Most of the small cast were excellent; Hamlet’s most famous soliloquy was particularly well rendered by the lead, lying on the floor of his cell.  Ophelia showed more backbone at the beginning of the play than I anticipated, making her descent into madness that much more dramatic.  Rosencrantz and Guildenstern, whom I remember little from the other version I saw years ago, were the most changed characters.  Instead of well-meaning tools of the king, they were brutal and obnoxious thugs.  In the first half of the play, the duo were used more for comedic effect (which was successful, I admit).  Later, however, scenes were added in which they beat up first Horatio and then Hamlet, scenes which make sense only in the context of the prison story and not at all in the original plot.  Maybe some of my fellow students will enlighten me tomorrow as to the significance of this particular change.

Gertrude’s acting was the greatest disappointment of the cast.  She faded into the background in nearly every scene in which she appeared.

Possibly my favorite part of the play was the performance of The Mousetrap, which was put on not by traveling players but by two prisoners who absorbed the roles of castle guards, courtiers, messengers, and probably a few others.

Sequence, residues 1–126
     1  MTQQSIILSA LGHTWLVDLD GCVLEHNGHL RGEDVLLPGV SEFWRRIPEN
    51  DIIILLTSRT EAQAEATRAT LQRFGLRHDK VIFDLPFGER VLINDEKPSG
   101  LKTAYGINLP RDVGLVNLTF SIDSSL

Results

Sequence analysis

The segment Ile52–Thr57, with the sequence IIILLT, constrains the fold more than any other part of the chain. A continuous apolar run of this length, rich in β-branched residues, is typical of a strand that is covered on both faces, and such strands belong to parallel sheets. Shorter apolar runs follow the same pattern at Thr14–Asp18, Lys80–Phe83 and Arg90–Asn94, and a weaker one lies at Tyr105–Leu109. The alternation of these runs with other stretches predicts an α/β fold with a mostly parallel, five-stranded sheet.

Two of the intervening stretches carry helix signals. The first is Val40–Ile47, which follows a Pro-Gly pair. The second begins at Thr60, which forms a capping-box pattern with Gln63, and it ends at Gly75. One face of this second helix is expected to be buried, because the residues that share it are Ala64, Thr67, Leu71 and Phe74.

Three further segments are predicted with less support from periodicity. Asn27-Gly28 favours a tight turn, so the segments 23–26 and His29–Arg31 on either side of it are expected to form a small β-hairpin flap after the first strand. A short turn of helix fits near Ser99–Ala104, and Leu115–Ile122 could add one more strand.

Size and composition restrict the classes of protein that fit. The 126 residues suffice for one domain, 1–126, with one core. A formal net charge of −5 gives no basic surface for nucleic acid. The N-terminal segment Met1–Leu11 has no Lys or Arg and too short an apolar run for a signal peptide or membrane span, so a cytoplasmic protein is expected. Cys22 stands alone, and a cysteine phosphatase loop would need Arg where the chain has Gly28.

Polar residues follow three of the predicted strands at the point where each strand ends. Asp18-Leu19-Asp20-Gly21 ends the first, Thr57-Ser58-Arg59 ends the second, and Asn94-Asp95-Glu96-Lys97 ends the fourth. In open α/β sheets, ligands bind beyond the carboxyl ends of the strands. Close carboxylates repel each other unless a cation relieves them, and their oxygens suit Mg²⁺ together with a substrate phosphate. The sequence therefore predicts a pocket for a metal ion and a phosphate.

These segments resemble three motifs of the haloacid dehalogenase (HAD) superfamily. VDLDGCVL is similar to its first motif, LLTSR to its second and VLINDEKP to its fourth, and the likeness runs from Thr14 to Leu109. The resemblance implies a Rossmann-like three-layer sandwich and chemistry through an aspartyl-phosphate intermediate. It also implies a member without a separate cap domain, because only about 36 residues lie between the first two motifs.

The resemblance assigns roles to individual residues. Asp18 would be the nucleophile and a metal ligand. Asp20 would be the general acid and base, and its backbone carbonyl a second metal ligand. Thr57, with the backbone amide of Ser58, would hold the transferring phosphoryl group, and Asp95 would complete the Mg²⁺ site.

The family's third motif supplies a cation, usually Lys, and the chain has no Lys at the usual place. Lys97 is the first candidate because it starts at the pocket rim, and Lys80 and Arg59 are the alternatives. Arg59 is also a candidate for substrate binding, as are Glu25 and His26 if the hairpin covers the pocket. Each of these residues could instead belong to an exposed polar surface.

There’s more I could write about the play, but I’d better get to bed so I can discuss it coherently tomorrow in class.

Everything Is Awesome (Day 2)

First full day in London, and first class this morning!  Tomorrow night we see our first play, Hamlet.  After our orientation and class at Winston House (UNC’s base of operations in London, about twenty minutes’ walk from my flat), I went out to lunch and then to the British Museum with friends.  None of them had been before, so I repeated a few rooms (no complaints there).

This brick wall, which was excavated in pieces, was originally in Nebuchadnezzar's throne room in Babylon.

A brick wall, excavated in pieces, which originally graced King Nebuchadnezzar’s throne room in Babylon.

 

Confession: I can't remember exactly when or where in Mesopotamia this lyre was made.

This silver lyre was buried in the grimly named ‘Great Death Pit’ in the royal cemetery at Ur (modern Iraq).

This winged bull is from the palace of the Assyrian king Sargon the Great.

This winged bull is from the palace of the Assyrian king Sargon the Great.

 

A small statue of Ramses, proving that the Ancient Egyptians were Tar Heels, too.

A small statue of Ramses, proving that the Ancient Egyptians were Tar Heels, too.

As our teacher (Professor Armitage) recommended this morning, we also explored the galleries dedicated to the Elgin marbles, taken from the Parthenon in the 19th century.  These rooms contained some of the actual friezes and statues, as well as plaster casts of some that Lord Elgin left in Athens.  Most of the friezes depict the mythical battle between the Lapiths and a herd of frenzied centaurs (ah, the classics).  The centaurs seemed to be winning.